This section is from the book "Sub-Alpine Plants Or Flowers Of The Swiss Woods And Meadows", by H. Stuart Thompson. Also available from Amazon: Sub-Alpine Plants: Or, Flowers of the Swiss Woods and Meadows.
Herbs with a short perennial rootstock and much-divided leafstalks, bearing distinct segments or leaflets. Sepals 4 or 5, small, coloured and petal-like, but no real petals. Stamens numerous, with long anthers projecting beyond the calyx. Carpels several, 1-seeded, furrowed. Flowers sometimes polygamous. A genus of about 70 species diffused over the northern hemisphere; variable and difficult to characterise.
Stem sometimes a yard high, robust, glabrous, finely furrowed. Leaves roundly triangular, 2-4 times pinnate, with membranous stipellse at the branches of the leaf-stalk, light green above, bluish green below; auricles of leaf-sheaths blunt; leaflets roundish, obovate or wedge-shaped, often oblique or cordate at the base, obtuse, crenate, 3-lobed or undivided. Flowers erect, in dense terminal cymes. Stamens erect. Carpels 3-edged, winged, stalked, pendent. Sepals and stamens in various shades of lilac, and sometimes nearly white; anthers yellowish.
1. Thalictrum Aquilegi Folium.
2. Rhododendron Ferrugineum.
3. Linum Tenuifolium. (With White Variety).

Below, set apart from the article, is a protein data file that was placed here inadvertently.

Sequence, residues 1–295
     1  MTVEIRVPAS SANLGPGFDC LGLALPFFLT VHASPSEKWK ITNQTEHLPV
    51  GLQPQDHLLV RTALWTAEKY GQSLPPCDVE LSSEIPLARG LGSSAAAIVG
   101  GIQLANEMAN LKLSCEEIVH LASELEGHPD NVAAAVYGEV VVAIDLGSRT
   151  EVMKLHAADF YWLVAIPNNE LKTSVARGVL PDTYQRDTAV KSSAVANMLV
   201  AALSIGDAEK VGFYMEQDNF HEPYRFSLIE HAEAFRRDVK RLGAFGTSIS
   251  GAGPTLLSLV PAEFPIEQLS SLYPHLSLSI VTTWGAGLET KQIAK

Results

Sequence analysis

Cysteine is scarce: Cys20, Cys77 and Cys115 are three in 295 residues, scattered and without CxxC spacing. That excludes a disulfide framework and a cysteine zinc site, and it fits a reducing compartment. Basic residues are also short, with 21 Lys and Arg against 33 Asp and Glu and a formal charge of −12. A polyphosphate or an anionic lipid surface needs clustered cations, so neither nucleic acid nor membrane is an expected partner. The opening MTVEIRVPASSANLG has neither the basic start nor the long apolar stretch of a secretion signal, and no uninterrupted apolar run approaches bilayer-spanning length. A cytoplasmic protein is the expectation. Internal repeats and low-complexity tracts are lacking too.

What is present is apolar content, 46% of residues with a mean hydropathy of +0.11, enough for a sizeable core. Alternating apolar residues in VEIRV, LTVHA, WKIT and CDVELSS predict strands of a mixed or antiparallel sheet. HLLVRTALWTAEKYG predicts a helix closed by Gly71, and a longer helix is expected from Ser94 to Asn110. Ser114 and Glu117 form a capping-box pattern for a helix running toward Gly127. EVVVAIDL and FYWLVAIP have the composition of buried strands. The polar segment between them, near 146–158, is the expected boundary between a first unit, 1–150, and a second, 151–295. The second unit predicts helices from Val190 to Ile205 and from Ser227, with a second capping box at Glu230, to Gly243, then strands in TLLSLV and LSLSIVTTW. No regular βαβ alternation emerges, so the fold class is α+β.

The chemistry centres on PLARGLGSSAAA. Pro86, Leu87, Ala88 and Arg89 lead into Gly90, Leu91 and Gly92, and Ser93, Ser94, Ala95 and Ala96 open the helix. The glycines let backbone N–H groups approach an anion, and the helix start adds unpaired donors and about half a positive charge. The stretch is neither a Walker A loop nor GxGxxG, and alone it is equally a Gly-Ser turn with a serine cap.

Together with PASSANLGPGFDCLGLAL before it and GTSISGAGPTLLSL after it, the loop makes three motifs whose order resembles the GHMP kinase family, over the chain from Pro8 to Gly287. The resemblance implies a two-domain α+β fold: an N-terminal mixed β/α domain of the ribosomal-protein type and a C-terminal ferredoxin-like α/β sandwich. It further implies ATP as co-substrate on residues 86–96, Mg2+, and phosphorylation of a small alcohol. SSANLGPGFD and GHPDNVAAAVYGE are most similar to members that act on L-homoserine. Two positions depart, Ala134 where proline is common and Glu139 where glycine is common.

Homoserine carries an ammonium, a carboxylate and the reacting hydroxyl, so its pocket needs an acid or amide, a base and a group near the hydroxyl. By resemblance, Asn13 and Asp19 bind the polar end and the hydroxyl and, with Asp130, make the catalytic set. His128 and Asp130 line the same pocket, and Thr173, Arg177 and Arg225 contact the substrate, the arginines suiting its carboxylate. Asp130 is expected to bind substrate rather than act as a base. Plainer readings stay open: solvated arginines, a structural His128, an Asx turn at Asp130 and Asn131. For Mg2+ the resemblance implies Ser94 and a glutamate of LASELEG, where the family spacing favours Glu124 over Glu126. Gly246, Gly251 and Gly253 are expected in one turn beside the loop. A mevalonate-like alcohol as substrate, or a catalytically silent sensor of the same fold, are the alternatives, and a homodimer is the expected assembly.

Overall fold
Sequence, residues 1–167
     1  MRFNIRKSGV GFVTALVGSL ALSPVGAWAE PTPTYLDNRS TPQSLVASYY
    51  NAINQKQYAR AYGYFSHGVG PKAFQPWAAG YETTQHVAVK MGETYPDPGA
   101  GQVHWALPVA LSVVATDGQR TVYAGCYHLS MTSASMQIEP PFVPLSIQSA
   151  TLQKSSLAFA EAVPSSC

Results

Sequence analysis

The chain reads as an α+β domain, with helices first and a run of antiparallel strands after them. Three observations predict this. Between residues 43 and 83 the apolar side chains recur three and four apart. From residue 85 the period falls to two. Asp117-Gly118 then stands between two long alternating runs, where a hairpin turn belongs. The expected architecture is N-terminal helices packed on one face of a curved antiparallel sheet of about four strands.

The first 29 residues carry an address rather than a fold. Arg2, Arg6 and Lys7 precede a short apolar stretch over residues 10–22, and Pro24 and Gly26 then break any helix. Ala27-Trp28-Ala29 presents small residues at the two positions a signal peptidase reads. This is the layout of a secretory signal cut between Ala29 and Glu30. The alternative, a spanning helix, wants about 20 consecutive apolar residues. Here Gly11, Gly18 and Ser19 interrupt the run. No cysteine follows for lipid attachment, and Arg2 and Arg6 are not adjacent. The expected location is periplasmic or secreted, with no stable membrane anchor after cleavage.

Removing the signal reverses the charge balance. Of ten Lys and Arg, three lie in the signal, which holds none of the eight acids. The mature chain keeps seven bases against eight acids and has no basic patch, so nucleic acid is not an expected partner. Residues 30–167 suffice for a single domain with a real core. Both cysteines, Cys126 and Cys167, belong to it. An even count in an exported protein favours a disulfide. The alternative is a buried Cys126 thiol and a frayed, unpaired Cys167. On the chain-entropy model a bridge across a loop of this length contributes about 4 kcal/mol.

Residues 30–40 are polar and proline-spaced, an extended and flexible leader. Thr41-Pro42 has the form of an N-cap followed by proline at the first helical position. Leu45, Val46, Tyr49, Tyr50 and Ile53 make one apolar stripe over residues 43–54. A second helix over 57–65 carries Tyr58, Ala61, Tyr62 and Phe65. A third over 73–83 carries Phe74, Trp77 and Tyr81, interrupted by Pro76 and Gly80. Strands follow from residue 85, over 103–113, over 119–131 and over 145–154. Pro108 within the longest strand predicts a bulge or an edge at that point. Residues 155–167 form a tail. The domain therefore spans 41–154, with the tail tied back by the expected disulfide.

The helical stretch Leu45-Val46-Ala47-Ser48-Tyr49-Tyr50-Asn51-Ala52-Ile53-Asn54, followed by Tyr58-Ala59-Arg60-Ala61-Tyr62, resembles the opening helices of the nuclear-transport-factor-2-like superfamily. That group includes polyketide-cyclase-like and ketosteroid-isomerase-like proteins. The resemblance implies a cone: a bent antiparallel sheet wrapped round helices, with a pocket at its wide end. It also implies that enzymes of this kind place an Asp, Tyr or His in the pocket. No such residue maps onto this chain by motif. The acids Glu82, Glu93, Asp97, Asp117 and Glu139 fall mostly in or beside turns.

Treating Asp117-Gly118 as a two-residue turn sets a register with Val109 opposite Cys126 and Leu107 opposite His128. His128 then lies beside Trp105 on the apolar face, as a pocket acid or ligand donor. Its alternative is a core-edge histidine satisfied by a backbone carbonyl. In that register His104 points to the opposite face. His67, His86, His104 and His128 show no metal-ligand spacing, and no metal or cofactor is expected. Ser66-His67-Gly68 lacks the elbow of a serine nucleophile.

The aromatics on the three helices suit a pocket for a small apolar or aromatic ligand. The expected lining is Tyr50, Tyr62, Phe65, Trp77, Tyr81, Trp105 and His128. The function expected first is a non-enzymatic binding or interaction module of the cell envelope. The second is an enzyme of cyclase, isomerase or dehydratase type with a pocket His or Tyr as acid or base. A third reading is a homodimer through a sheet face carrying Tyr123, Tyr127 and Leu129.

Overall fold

4.7 NATURAL SIZE.
Rich upland meadows of the lower Alps, descending far into the plains, in meadows or margins of woods, etc.; often in stony places and ravines with Rhododendron, and ascending to 6000 feet. May to August.
Carpathians; Eastern, Central and Western Alps; Black Forest, Vosges, Jura, Pyrenees, and almost all mountainous Europe, including Southern Scandinavia; Northern Asia.
A most variable species; in dry limestone soils usually only about a foot high, of a glaucous colour or slightly downy; in moist situations it is larger and greener, with stems often 3 feet high, flexuous, furrowed, glaucous, glabrous or pubescent-glandular. Leaves large, with leaflets glaucous below and rather large. Flowers yellow, pendent, in branched leafy panicles, flower-stalks slender. Carpels oval, with longitudinal ribs.
Rocky places in the hills, chestnut groves and fields, especially in the sub-alpine district. June and July. Well worth cultivating for its beautiful foliage, resembling robust and wiry Maidenhair fern.
Europe, Russian Asia, Africa, Alaska (British).
Root slender, creeping. Stem 2-4 inches high, almost naked, simple. Leaves radical, glabrous; leaflets oboval, 3-cleft, crenate, greyish green. Flowers in a simple terminal raceme, greenish yellow, pendent; flower-stalks recurved. The smallest of the genus.
Moist Alpine and sub-alpine pastures, rare; 3300-8000 feet. June to August.
Eastern, Central and Western Alps; in Switzerland only in Grisons; Eastern and Central Pyrenees, Caucasus, Northern Europe and Asia (British).
In Norway it reaches about 3400 feet.